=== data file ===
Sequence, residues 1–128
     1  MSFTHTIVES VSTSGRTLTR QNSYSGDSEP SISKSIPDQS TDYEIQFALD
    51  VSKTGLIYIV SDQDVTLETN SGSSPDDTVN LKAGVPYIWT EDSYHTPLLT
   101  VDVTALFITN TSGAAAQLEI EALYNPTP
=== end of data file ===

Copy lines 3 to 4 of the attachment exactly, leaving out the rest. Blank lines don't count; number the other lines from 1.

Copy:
    51  VSKTGLIYIV SDQDVTLETN SGSSPDDTVN LKAGVPYIWT EDSYHTPLLT
   101  VDVTALFITN TSGAAAQLEI EALYNPTP